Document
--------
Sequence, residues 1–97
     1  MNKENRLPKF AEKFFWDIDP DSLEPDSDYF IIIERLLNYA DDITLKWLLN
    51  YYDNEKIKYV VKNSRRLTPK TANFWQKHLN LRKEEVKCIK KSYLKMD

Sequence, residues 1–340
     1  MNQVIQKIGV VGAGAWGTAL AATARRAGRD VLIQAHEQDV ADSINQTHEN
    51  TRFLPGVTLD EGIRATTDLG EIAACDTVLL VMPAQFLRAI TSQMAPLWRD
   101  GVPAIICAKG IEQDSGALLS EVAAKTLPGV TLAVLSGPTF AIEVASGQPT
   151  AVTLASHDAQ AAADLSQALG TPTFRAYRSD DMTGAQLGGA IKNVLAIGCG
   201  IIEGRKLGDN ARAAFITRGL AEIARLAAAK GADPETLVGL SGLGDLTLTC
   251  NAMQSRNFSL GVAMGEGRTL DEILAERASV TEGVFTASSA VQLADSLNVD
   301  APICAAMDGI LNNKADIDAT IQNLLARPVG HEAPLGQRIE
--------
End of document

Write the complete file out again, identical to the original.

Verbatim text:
Sequence, residues 1–97
     1  MNKENRLPKF AEKFFWDIDP DSLEPDSDYF IIIERLLNYA DDITLKWLLN
    51  YYDNEKIKYV VKNSRRLTPK TANFWQKHLN LRKEEVKCIK KSYLKMD

Sequence, residues 1–340
     1  MNQVIQKIGV VGAGAWGTAL AATARRAGRD VLIQAHEQDV ADSINQTHEN
    51  TRFLPGVTLD EGIRATTDLG EIAACDTVLL VMPAQFLRAI TSQMAPLWRD
   101  GVPAIICAKG IEQDSGALLS EVAAKTLPGV TLAVLSGPTF AIEVASGQPT
   151  AVTLASHDAQ AAADLSQALG TPTFRAYRSD DMTGAQLGGA IKNVLAIGCG
   201  IIEGRKLGDN ARAAFITRGL AEIARLAAAK GADPETLVGL SGLGDLTLTC
   251  NAMQSRNFSL GVAMGEGRTL DEILAERASV TEGVFTASSA VQLADSLNVD
   301  APICAAMDGI LNNKADIDAT IQNLLARPVG HEAPLGQRIE